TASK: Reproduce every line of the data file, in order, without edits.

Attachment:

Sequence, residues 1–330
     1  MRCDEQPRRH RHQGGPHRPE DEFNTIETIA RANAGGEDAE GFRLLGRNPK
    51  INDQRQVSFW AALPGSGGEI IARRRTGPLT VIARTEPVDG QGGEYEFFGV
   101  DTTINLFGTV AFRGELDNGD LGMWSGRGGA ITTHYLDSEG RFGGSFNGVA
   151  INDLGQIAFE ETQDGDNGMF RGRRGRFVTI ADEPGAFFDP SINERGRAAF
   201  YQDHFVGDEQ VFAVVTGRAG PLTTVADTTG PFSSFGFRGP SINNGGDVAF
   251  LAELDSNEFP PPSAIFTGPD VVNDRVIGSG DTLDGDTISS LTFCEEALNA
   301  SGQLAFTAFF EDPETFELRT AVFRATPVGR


Sequence, residues 1–330
     1  MRCDEQPRRH RHQGGPHRPE DEFNTIETIA RANAGGEDAE GFRLLGRNPK
    51  INDQRQVSFW AALPGSGGEI IARRRTGPLT VIARTEPVDG QGGEYEFFGV
   101  DTTINLFGTV AFRGELDNGD LGMWSGRGGA ITTHYLDSEG RFGGSFNGVA
   151  INDLGQIAFE ETQDGDNGMF RGRRGRFVTI ADEPGAFFDP SINERGRAAF
   201  YQDHFVGDEQ VFAVVTGRAG PLTTVADTTG PFSSFGFRGP SINNGGDVAF
   251  LAELDSNEFP PPSAIFTGPD VVNDRVIGSG DTLDGDTISS LTFCEEALNA
   301  SGQLAFTAFF EDPETFELRT AVFRATPVGR